An Australian business has become the first to be struck down by the ransomware attack currently plaguing the world, with more local computer systems expected to be hit as the country goes back to work on Monday.
As reported by ARN, more than 75,000 attacks have been reported across 99 countries, with the UK National Health Service (NHS) compromised, the Russian government infected and the Spanish telecommunications sector at a standstill.
Since the outbreak started on 12 May, Europol has since branded the attack "unprecedented in its scale", claiming that the true victim count now stands at over 200,000 users across 150 countries.
And following a weekend of high drama both locally and globally, the now infamous WannaCry bug has officially attacked in Australia, leading to federal government warnings that more will follow within the next 24 hours.
"People going back to work on Monday may switch on their computers and see their systems have been impacted,” said Alastair MacGibbon, special advisor to the Prime Minister Malcom Turnbull on cyber security.
“We have one likely incident which is being investigated but we believe there could be more out there.”
Despite declining to comment on the identity of the business, MacGibbon said the damage was so far contained due to the small size of the organisation concerned.
“The affected company doesn't fall under critical infrastructure, it's not a medical or health service and it is not a big company," he said.
“The most important message we want to get out there is that we haven't seen a wholesale impact like we've seen in Europe and other parts of the world. It appears at this stage, it is unlikely there will be any large-scale ramifications.”
When speaking on Sky News, cyber security minister Dan Tehan told reporters that Australia has “escaped a bullet here”, but urged businesses to stay vigilant in the days ahead.
“We’ve got very good reports that businesses have been patching over the weekend but for all those that haven’t, make sure you do,” Tehan added.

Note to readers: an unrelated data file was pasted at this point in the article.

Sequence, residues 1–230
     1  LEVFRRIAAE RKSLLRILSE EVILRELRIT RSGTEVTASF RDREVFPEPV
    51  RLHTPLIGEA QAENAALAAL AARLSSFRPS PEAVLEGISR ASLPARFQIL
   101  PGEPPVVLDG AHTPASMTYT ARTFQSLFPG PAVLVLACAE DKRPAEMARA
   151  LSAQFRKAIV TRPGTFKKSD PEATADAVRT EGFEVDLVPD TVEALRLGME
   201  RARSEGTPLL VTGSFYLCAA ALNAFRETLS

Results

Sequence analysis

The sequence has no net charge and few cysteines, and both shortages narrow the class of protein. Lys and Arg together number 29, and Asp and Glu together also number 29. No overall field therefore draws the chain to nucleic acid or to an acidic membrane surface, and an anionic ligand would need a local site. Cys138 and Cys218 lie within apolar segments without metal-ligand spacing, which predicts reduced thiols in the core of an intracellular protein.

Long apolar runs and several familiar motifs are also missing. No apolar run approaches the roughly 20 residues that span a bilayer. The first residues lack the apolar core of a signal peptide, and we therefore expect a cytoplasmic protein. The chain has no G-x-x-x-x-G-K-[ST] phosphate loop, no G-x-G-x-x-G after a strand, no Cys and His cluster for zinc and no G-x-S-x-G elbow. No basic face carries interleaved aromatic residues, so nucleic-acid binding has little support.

With Europe bearing the brunt of the attack, German railways also screeched to a halt, while US-based courier FedEx Corp suffered interference as the ransomware spread to Asia and South America.
Known as WannaCry and variants of that name, the malicious software locked computers in thousands of locations worldwide, demanding US$300 ransom per machine to be paid in cryptocurrency Bitcoin to unlock devices.
“There has been a report to the Australian Cyber Security Centre of one instance of what we believe could be this ransomware,” said Foreign minister Julie Bishop, when speaking to reporters on Sky News.
“There have also been other reports made to our online cyber security network and the difficulty is of course there are literally hundreds of instances of ransomware in Australia each week so we’re currently seeking to confirm whether these are examples of the particular ransomware that has caused so much havoc.”
But even if organisations in Australia had been seriously impacted, history shows that businesses are more likely to keep such breaches under wraps, for fear of repetitional damage.
“Most companies tend to keep these things under wraps,” Katana1 director of technology Ross Ogilvie told ARN.
Despite the global carnage however, a security researcher may have helped stop the spread of the ransomware, through the deployment of a kill switch solution.
As reported by ARN, the kill switch appears to work like this - if the malicious program can’t connect to the domain, it’ll proceed with the infection. If the connection succeeds, the program will stop the attack.